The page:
Professor Abraham Poliak (also known as Polak) was born on the 2nd September 1910 in Ochakiv, a small city in Southern Ukraine, then part of the Russian Empire. Little information is known about his early years except that he emigrated with his family in 1923 to Mandatory Palestine where they settled in the city of Haifa. Poliak moved to Jerusalem in 1930 where he studied at the Hebrew University and published numerous articles in the daily newspaper, Davar, about Israel's history and politics. In 1934 Poliak received his Master's qualification in Culture of Islam.
Poliak continued in academia and was awarded his PhD in 1936 for his thesis, History of Land relationships in Egypt, Syria and Israel during the late Middle Ages. During this period he continued to write a number of significant articles connected with his research (notably around the Khazars) which appeared in foreign publications.
In 1937 he became a member of The Royal Asiatic Society. His work, Feudalism in Egypt, Syria, Palestine, and the Lebanon 1250-1900 was published under the Society's Prize Publication Fund in 1939. Copies of this publication are held within the Society's collections.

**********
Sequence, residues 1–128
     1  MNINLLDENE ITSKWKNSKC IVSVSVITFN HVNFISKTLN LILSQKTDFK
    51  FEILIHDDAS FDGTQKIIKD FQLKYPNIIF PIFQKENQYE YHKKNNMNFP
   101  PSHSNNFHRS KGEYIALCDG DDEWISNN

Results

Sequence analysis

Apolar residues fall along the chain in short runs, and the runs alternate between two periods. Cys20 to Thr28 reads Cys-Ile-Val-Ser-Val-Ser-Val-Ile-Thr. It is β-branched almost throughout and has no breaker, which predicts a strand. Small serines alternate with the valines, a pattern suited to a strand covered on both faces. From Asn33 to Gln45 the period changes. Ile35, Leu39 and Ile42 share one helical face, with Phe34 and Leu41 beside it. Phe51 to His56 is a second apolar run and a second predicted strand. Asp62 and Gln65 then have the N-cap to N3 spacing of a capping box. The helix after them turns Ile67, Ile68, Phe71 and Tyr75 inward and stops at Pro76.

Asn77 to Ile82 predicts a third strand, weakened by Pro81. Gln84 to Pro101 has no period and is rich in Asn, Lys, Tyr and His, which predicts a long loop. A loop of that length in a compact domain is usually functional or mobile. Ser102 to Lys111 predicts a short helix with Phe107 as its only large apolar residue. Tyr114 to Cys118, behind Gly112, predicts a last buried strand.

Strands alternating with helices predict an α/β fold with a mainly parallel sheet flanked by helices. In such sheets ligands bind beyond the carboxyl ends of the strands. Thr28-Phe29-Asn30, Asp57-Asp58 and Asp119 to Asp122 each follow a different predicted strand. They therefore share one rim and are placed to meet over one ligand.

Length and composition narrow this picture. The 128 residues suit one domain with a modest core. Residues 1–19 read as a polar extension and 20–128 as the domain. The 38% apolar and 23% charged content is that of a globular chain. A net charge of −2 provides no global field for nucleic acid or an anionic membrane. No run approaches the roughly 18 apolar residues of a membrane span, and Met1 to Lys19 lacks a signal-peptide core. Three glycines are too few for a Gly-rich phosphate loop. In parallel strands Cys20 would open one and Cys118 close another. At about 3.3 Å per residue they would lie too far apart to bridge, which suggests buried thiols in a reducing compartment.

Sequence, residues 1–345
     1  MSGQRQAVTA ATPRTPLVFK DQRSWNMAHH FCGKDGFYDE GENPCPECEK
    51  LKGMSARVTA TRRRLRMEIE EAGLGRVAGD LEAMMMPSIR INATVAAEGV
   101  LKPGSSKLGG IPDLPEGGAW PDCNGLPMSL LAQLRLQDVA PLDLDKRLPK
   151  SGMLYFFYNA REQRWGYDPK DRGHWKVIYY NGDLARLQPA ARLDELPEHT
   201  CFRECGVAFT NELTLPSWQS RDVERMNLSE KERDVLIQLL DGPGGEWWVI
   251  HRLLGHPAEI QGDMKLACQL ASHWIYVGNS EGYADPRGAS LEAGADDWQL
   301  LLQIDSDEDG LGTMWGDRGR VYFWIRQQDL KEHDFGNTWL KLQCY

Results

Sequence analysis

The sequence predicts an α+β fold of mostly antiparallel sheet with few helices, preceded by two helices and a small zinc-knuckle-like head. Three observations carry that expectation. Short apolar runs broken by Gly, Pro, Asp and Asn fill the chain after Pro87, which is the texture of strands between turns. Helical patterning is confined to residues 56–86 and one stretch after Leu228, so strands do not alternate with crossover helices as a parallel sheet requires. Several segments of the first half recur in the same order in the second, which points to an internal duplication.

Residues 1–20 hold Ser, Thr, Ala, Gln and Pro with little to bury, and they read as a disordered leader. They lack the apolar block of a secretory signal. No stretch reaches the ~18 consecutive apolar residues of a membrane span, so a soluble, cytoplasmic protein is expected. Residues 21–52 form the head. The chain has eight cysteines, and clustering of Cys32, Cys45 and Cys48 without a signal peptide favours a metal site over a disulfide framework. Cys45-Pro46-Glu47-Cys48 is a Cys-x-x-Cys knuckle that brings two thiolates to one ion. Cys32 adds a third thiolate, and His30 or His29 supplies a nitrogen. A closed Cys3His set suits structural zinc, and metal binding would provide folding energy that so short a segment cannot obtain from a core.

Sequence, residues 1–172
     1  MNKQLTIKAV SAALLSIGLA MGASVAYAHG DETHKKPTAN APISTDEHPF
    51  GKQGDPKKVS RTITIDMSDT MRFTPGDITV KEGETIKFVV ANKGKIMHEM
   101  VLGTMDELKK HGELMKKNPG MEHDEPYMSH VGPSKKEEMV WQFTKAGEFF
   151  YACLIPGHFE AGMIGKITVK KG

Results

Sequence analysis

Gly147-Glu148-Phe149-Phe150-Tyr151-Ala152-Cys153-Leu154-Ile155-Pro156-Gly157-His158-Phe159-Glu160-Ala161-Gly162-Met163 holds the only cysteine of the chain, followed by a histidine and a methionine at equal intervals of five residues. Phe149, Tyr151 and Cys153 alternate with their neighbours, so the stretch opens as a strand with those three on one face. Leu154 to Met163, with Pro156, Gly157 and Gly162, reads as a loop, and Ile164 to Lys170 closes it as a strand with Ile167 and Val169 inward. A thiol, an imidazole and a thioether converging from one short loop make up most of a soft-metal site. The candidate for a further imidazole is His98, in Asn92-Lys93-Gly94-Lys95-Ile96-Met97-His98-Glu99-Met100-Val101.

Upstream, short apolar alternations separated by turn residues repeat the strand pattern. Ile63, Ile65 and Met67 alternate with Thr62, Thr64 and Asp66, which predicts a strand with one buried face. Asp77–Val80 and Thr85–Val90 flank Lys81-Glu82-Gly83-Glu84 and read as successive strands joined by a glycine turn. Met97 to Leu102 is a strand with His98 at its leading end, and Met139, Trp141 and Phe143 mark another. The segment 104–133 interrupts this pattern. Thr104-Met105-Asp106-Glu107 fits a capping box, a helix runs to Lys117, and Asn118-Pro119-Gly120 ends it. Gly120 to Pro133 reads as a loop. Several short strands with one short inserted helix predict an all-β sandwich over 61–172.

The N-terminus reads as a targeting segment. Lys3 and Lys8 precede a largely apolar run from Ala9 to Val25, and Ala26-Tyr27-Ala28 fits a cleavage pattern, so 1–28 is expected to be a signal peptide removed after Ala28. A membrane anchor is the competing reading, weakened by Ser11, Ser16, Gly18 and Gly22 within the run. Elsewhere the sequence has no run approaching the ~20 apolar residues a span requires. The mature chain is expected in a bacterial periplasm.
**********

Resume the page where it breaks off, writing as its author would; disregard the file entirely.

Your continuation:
Following the formation of the state of Israel in 1948, Poliak was enlisted to the Israel Defense Forces and began giving talks at the University Institute for Israeli Culture. Between 1961-1966, Professor Poliak served as a Professor of History of the Middle Ages at Tel Aviv University and founded and directed the Department of Middle-Eastern Studies. During this period he was also invited to participate in professional conferences across the world and was also a member of the International African Institute in London.
Poliak never married and died in his home in Tel Aviv on the 5th March 1970, aged 59.